FORAGING TRADE-OFFS ALONG A PREDATOR–PERMANENCE GRADIENT IN SUBALPINE WETLANDS

Authors

  • Scott A. Wissinger,

    1. Biology Department, Allegheny College, Meadville, Pennsylvania 16335 USA
    2. Rocky Mountain Biological Laboratory, P.O. Box 519, Crested Butte, Colorado 81224 USA
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  • Howard H. Whiteman,

    1. Department of Biological Sciences, Murray State University, Murray, Kentucky 42071 USA
    2. Rocky Mountain Biological Laboratory, P.O. Box 519, Crested Butte, Colorado 81224 USA
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  • Grace B. Sparks,

    1. Environmental Science Department, Allegheny College, Meadville, Pennsylvania 16335 USA
    2. Rocky Mountain Biological Laboratory, P.O. Box 519, Crested Butte, Colorado 81224 USA
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    • Present address: College of Forest Resources, University of Washington, Seattle, Washington 98195 USA.

  • Gretchen L. Rouse,

    1. Environmental Science Department, Allegheny College, Meadville, Pennsylvania 16335 USA
    2. Rocky Mountain Biological Laboratory, P.O. Box 519, Crested Butte, Colorado 81224 USA
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    • Present address: U.S. Geological Survey, National Water Quality Assessment Program, 425 Jordan Road, Troy, New York 12180 USA.

  • Wendy S. Brown

    1. Rocky Mountain Biological Laboratory, P.O. Box 519, Crested Butte, Colorado 81224 USA
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Abstract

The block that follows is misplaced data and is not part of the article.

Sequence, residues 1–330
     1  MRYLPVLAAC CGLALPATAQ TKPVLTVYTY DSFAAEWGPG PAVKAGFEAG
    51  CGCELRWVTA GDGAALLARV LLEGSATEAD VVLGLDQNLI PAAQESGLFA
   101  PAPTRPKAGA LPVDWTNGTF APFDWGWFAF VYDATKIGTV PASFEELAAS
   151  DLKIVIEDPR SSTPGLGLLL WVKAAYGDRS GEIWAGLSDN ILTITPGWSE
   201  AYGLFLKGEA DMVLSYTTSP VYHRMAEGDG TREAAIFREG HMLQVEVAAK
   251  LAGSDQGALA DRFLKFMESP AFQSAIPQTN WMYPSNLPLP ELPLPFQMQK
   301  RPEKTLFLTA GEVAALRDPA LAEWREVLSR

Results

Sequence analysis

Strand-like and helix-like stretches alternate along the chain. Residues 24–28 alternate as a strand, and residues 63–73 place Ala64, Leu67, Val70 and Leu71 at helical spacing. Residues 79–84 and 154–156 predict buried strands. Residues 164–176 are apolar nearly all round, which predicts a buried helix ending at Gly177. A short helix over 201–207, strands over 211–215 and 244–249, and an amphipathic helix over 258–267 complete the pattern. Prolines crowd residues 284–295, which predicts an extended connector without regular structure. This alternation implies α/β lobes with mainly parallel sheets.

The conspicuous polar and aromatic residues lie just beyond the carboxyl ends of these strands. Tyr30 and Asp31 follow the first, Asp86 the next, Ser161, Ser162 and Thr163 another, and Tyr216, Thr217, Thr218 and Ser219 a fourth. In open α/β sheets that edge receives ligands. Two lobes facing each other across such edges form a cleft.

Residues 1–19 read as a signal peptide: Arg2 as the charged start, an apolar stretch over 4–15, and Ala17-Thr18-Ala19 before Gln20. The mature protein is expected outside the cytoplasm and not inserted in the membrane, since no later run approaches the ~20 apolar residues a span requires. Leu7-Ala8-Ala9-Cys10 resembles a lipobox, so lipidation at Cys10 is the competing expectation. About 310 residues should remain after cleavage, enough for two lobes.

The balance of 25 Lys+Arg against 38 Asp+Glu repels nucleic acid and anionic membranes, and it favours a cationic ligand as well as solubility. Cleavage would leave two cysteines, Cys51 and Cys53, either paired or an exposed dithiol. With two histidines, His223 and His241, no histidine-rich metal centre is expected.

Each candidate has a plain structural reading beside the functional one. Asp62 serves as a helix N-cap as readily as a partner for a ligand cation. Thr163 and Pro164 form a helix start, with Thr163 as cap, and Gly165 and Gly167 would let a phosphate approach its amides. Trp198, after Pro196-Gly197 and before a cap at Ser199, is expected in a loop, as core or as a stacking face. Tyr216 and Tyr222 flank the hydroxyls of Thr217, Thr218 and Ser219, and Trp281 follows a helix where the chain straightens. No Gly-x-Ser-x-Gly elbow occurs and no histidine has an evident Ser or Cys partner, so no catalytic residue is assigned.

We conducted a series of field and laboratory experiments to determine the direct and indirect effects of a top predator, the tiger salamander (Ambystoma tigrinum nebulosum), on larvae of two species of limnephilid caddisflies (Limnephilus externus and Asynarchus nigriculus) in subalpine wetlands in central Colorado. Asynarchus larvae predominate in temporary wetlands and are aggressive intraguild predators on Limnephilus larvae, which only predominate in permanent basins with salamanders. We first conducted a field experiment in mesocosms (cattle tanks) to quantify the predatory effects of different life stages of salamanders on the two caddisfly species. Two life stages of the salamanders (larvae and paedomorphs) preferentially preyed on Asynarchus relative to Limnephilus. Subsequent laboratory experiments revealed that high Asynarchus activity rates and relatively ineffective antipredatory behaviors led to higher salamander detection and attack rates compared to Limnephilus. In a second field experiment (full factorial for presence and absence of each of the three species), we found that salamander predation on Asynarchus had an indirect positive effect on Limnephilus: survival was higher in the presence of salamanders + Asynarchus than with just Asynarchus. In the laboratory we compared the predatory effects of salamanders with and without their mouths sewn shut and found the observed indirect positive effect on Limnephilus survival to be mainly the result of reduced numbers of Asynarchus rather than salamander-induced changes in Asynarchus behavior. We argue that indirect effects of predator–predator interactions on shared prey will be mainly density-mediated and not trait-mediated when one of the predators (in this case, Asynarchus) is under strong selection for rapid growth and therefore does not modify foraging behaviors in response to the other predator. The reciprocal dominance of Limnephilus and Asynarchus in habitats with and without salamanders probably reflects a trade-off between competitive superiority and vulnerability to predation. The high activity levels and aggressiveness that enable Asynarchus to complete development in temporary habitats result in strong asymmetric competition (via intraguild predation) with Limnephilus. In permanent habitats these same behaviors increase Asynarchus vulnerability to salamander predation, which indirectly benefits Limnephilus. This and previous work implicate salamanders as keystone predators that exert a major influence on the composition of benthic and planktonic assemblages in subalpine wetlands.

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